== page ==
In contrast, neither President Obama, nor the Republican leaders have been willing to tell the American voter that the economic "solutions" of the 1980s and 1990s were largely based on consumer debt that is unsustainable and that prosperity is not coming back without strategies that will require serious risks and sacrifices. As a result our election is turning into a rerun of 1994.

Wednesday, October 13, 2010

Jerry Brown for Governor of California

Nobody should vote on a single issue, but as you might guess, there is one issue on which my vote can move decisively. I tend to vote against candidates that play the crime card by calling their opponent "soft on crime." For forty years now that has been the move for candidates in both parties to appeal right to voters fear factors in way that few other issues (race in fact) do. Even more importantly, self identification as "tough on crime," is as sure a proxy as there can be of the candidate's commitment to the "war on crime" and "mass incarceration."

With Democrat Jerry Brown and Republican Meg Whitman, in a close contest for governor of California, I have been undecided whether this blog would take a position. As I noted last Spring, Brown was governor before the war on crime took over California and made our prisons the leading institution in the state. His Determinate Sentence Law had flaws, but it did not produce mass incarceration, a policy that began under Republican governors George Deukmeijian and Pete Wilson, and continued under Democrat Gray Davis. Meg Whitman, having switched from business to politics only recently, had no track record of having to get behind the war on crime and its powerful interest groups. Since either will face a period of tight budgets in which the real costs of mass incarceration are likely to exclude other priorities of spending or tax cutting, both have every reason to speak honestly with voters now about the need to put the war on crime behind us and begin to address the new threats to California from natural disaster, drought, and economic decline.

In last night's final debate, however, Meg Whitman unambiguously played the crime card. The context was Jerry Brown asserting losing the endorsement of the police unions was evidence that he could be tough in his negotiations with public unions over pensions. Here is the exchange according to Kathleen Decker reporting in the LATimes.

"You got the endorsement of that union, I didn't, because they said I'd be too tough on unions and public employee pensions, and I'll take that," Brown said.

"I got that endorsement because that union knows that I will be tough on crime," Whitman replied. "And Jerry Brown has a 40-year record of being soft on crime."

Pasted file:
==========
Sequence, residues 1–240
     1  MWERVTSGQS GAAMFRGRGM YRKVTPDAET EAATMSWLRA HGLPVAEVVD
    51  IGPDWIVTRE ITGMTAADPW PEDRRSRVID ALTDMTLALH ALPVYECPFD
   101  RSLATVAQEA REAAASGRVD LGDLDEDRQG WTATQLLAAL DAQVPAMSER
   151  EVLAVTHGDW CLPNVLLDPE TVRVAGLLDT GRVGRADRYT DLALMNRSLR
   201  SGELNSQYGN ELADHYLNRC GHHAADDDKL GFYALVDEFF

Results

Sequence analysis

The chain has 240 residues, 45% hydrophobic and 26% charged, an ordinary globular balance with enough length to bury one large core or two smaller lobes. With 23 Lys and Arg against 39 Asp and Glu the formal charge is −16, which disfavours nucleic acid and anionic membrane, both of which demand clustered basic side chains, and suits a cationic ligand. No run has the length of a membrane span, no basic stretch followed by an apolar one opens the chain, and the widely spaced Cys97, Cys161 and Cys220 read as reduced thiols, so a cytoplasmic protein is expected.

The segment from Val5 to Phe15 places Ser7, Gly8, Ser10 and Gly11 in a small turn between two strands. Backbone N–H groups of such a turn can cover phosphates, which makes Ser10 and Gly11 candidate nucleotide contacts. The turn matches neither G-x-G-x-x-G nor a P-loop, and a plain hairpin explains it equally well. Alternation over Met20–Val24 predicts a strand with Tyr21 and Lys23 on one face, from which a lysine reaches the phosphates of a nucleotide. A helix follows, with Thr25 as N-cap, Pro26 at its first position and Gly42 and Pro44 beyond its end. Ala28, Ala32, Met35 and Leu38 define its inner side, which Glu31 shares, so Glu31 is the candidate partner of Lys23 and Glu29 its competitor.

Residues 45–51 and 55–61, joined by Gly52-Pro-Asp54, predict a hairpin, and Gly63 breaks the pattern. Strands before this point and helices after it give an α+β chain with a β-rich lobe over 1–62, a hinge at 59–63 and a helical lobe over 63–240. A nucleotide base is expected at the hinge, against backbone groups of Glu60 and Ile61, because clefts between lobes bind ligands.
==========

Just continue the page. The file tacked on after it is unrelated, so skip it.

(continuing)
Sunday, October 10, 2010

When you don't have a narrative, run on crime

As the US heads toward its mid-term congressional elections next month there is not much evidence of national anxiety about crime, or even, despite recent government announcements about undefined threats to Europe, about its close cousin terrorism. With the nation still struggling through the worst employment market in decades and crime rates still quite low but modern standards, it is perhaps not surprising that neither party is making much noise about capital punishment, tough prison sentences, or new sex offender legislation.

Yet a closer look at the Democratic campaign, especially President Obama's recent forays into college campuses and unionized labor strongholds in an effort to excite his base, shows that the metaphors of crime continue to do much of the work of narrative. Case in point this week were the President's sustained attacks on the secret money being channeled into Republican campaigns almost certainly coming from large corporations hostile to his administration's recent regulatory efforts on Wall Street and beyond. The donors for those ads are now allowed to spend unlimited amounts of money on the campaign without any requirement of disclosure thanks to the Supreme Court decision last year striking down provisions of the McCain-Feingold campaign finance law.

Watch the crime metaphors at work in the latest national Democratic party television advertisement, as reported by Peter Baker in the NYtimes [link not available yet].

The commercial calls Mr. Rove and Mr. Gillespie “Bush cronies” and says the chamber “shills for big business,” then shows a woman having her purse stolen by a mugger in a parking garage. “They’re stealing our democracy, spending millions from secret donors to elect Republicans to do their bidding in Congress,” the narrator intones. “It appears they’ve even taken secret foreign money to influence our elections.”